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  • Acknowledgements vii

    Introduction: Feminism in/as Biopolitics 1

    1. Assembling Protocol Feminism 25

    2. Immodest Witnessing, Affective Economies, and Objectivity 68

    3. Pap Smears, Cervical Cancer, and Scales 102

    4. Traveling Technology and a Device for Not Performing Abortions 150

    Conclusion: Living the Contradiction 177

    Notes 183

    Bibliography 219

    Index 247
  • “By politicizing the technologies, protocols, and processes feminist health activists developed to empower women, Murphy demonstrates that the “control” of reproduction was fashioned with (not simply by) technoscience as a practical and pivotal feature of feminist politics. Seizing the Means of Reproduction is a must read for those interested in feminism, women’s health, the body, and medical sociology.”

    “Reading of the book occurs at multiple levels – it is a fascinating account of the women’s self-help movement of the time; it is also a thought provoking analysis of ‘necropolitics’ with particular reference to the issues of race in the US. Finally, it situates the women’s health movement within the broader global context –where the practices, if not the protocols, were implicated globally in the policies around reproduction that were inserted into other countries in the form of US Aid. This is a challenging but extremely worthwhile read.”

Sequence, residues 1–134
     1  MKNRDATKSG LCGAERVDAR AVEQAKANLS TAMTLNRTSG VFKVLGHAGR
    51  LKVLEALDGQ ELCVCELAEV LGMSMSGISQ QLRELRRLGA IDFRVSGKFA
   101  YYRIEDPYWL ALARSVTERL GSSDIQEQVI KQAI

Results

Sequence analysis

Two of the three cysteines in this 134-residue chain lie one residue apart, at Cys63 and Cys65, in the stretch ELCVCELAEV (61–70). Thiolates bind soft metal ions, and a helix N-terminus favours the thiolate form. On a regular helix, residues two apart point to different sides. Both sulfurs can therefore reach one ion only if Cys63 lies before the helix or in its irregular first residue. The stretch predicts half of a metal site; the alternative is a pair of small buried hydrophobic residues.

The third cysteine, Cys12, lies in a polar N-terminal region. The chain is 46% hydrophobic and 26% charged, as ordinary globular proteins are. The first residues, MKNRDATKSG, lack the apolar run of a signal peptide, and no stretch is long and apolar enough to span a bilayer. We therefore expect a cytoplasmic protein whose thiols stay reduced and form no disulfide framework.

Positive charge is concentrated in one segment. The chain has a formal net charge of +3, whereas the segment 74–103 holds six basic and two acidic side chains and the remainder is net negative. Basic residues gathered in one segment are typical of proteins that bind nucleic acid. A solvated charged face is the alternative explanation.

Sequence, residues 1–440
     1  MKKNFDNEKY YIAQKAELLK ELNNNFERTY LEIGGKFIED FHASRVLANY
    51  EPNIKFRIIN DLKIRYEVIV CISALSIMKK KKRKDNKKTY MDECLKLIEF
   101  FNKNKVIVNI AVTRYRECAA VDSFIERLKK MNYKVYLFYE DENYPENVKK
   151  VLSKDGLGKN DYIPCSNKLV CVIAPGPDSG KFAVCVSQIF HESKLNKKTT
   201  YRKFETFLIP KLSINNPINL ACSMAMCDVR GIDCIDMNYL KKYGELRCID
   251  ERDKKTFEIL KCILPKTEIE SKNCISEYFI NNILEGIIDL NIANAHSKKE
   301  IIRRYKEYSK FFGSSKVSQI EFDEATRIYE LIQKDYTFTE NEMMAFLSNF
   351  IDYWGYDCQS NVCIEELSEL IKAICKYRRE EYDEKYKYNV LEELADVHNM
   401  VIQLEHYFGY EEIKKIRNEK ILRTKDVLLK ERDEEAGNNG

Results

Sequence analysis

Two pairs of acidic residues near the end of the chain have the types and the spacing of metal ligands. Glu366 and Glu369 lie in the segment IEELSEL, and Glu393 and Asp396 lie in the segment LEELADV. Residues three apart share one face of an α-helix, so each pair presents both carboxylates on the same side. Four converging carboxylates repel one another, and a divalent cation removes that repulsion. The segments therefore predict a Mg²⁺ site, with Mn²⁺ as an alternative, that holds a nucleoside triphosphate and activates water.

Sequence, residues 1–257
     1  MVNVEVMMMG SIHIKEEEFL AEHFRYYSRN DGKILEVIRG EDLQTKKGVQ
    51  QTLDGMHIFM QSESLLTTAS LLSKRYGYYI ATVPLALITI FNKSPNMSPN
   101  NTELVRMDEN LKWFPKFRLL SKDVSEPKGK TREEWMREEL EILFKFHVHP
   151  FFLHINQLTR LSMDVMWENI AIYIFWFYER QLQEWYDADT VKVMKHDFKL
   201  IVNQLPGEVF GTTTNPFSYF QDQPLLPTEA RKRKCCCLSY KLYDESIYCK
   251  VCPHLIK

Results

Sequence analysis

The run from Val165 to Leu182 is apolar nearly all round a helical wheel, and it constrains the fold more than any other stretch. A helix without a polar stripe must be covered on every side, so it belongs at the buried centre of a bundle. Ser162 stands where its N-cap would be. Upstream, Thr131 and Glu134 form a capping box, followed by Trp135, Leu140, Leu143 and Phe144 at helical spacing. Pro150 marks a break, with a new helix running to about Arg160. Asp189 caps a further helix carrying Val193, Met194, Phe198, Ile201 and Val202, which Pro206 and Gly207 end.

“An indispensable reading for feminist technoscience seminars and a valuable source for gender studies as well as reproductive technologies classes.”

    Seizing the Means of Reproduction offers a sophisticated theoretical analysis of the entanglements between health feminism and biomedicalization in the late twentieth century.”

    “Murphy’s work not only makes a significant contribution to our understanding of how reproductive technologies have been politically, socially, culturally and racially transformed and maneuvered since the 1970s, but it also elegantly, and intricately, conveys how the ‘economy of reproduction’ functions in both the developed and developing worlds, especially in the age of genetic engineering, cloning, sex-selection, and continuing contraceptive battles.”